Why Diversity Matters
Diversity was largely an “untouched subject” on the Cal Poly campus when Zeeshan Khan started as an undergraduate. It was shortly after photographs of a white student in blackface began […]Read More
Thomas Soares was “talking trash” when inspiration struck.
Soares wasn’t “talking trash” in the traditional sense. He was discussing the recycling industry and learning which materials are and are not recyclable. That is when he had the idea for Clear Bin.
Clear Bin is a mobile application working to reduce contamination rates for curbside recycling across the United States.
Curbside recycling is considered contaminated when a recycling collection contains materials “not accepted into residents’ curbside program” or acceptable materials with “unacceptable amounts of residue,” according to the Recycling Partnership’s 2020 State of Curbside Recycling Report. More than 30 percent of residential recycling is considered contaminated, according to the same report.
One contributing factor to this high contamination rate is residents not knowing which materials are and are not recyclable, Soares said. Clear Bin is attempting to resolve that issue.
Clear Bin users can take a picture of an item, and the app will inform them whether the material is recyclable or not. It also informs users whether the item is of acceptable quality, and if it needs to be cleaned, dried or otherwise altered before it can be recycled.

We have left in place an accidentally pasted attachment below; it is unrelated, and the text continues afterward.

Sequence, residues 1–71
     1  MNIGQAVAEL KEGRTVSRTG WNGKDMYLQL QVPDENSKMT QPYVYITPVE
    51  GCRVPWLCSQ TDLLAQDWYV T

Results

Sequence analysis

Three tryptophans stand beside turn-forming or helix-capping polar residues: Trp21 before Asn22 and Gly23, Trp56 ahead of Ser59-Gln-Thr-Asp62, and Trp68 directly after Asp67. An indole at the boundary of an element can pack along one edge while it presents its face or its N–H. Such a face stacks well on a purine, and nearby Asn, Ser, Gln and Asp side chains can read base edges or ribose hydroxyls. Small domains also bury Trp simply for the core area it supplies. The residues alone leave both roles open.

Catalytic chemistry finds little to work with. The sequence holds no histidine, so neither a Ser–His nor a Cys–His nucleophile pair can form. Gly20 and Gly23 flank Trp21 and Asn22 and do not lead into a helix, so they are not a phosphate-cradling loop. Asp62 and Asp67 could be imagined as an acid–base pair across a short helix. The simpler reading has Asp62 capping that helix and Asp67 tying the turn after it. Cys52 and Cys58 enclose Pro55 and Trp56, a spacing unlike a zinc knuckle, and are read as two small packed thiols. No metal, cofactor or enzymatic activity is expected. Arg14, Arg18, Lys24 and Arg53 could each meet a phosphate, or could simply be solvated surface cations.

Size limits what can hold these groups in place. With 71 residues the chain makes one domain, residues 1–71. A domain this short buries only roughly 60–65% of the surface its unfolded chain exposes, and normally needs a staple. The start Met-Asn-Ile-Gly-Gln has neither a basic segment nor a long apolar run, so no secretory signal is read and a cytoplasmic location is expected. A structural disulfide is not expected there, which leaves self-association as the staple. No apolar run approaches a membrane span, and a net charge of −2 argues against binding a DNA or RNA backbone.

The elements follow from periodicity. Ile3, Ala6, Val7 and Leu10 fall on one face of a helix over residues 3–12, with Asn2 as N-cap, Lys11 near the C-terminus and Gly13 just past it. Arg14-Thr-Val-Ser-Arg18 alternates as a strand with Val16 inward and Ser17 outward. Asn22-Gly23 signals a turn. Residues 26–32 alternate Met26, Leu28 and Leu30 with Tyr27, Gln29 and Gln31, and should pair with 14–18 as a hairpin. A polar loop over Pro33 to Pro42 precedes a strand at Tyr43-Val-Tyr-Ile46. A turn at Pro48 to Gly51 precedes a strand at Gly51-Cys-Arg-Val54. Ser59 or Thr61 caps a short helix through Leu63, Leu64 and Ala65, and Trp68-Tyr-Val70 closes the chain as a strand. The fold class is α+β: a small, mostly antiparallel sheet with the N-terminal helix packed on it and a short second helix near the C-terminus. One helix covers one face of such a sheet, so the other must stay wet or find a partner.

Soares, an architectural engineering senior, is working with computer science seniors Ruhi Prasad and Jack Fales, to build the Clear Bin app.
Soares is also working with the Center for Innovation and Entrepreneurship (CIE) Hatchery, an on-campus resource designed to help Cal Poly students develop their startup ideas. The Hatchery connected Soares to the resources needed for both Clear Bin’s development and his own professional development.
“The Hatchery has definitely given me a lot of confidence to be able to put myself out there,” he said.
Students do not need any prior business or entrepreneurship experience before joining the Hatchery. The program provides plenty of opportunities for students like Soares, who started Clear Bin with no formal business education or experience, to learn about entrepreneurship in ways that appeal to them.
“The Hatchery has done a great job of making this more about problem solving,” Soares said. “From an engineering perspective, I love the rational, practical thought, and the Hatchery has been able to break down entrepreneurship like this, in a way that I enjoy.”
The Clear Bin team is currently focusing on app development and working towards launching a program. Soares hopes to eventually help communities throughout the United States reduce their waste.
“There is a big divide with the understanding of what is and is not recyclable,” Soares said. “If we’re able to communicate and work with people and haulers and recycling companies across the United States, that’s when I’ll be able to sleep at night.”